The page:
Staffing issues and clarity over responsibilities are set to affect facilities managers as they prepare for the imminent reopening of high street shops, department stores and shopping centres.
Prime Minister Boris Johnson has said that thousands of high street shops, department stores and shopping centres across England can reopen next month once they are COVID-19 secure and can show customers will be kept safe.
However, Martin Reed, chief executive at Incentive FM Group, has told Facilitate that following the guidelines and planning the reopening of a retail space post lockdown requires “a different pace altogether” compared to a commercial office.
“In a shopping centre of one hundred doors with one hundred queues to manage, is the retailer going to manage that? Or, because it comes out onto the mall, is it the facilities provider that will manage that because that’s the person who normally deals with the common area?
“If that’s the case, normally you’d have six security guards on patrol, but now you might actually need twenty. That is alongside the concierge, extra cleaning staff and a generally higher rotation of staff. At government level they are talking about things that have a significant impact on what we do.”
A report by Centre of Towns published last week, said that "re-opening retail invokes a complex set of challenges for high streets and town centres".
It states that to ensure social distancing a shop or retail space's floor space would have to be divided by 12 (12m² is the safe parameter). In a shop with available floor space of 300 m² it would mean allowing a maximum of 25 people in at one time. Shops may have to create "a one-way system to ensure customers are moved through the store in as safe a manner as possible". Floor markings, screens and internal signage would also have to be used.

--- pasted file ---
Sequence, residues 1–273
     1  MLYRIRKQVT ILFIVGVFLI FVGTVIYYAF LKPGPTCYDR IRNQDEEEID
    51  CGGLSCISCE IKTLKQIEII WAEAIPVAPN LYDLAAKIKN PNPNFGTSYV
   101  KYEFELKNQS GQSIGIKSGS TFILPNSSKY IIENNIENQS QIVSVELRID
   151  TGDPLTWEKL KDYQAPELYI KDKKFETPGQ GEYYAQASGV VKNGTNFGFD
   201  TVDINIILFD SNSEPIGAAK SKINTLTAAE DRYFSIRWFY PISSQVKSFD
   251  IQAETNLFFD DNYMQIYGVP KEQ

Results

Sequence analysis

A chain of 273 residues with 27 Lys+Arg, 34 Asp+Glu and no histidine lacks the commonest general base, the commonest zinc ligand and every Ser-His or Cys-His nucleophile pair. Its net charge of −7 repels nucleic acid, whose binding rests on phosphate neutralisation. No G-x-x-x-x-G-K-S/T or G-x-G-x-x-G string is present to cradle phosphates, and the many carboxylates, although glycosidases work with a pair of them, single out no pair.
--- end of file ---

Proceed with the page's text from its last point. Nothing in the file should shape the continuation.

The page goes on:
The report added: "Retailers have legal and public health obligations to their staff, customers, and the public. This places a heavy responsibility on them and town centre managers. The government must ensure that our retailers and place managers receive overwhelming support when managing this process.
Boots, Sports Direct and Doc Martens are among retailers working with systems company Inurface Group on solutions including an electronic queue management system that keeps a count of how many people are in a shop, allowing store managers to decide how many people it allows to enter.
Josh Bunce, CEO of Inurface Group, told Facilitate: "Over the last couple of months we've developed a people counting and management system that recognises features in your face, knows when you’ve come into the store and when you leave. We then have screens at the door of a shopping centre or retailer; it’s like a traffic light system and indicates whether people can enter or not. That means you can remove that person at the door and use technology to manage the flow of people in and out of the store."
The company is joining others in developing a thermal monitoring camera to read a person's body temperature, and is working on a digital signage hand sanitiser.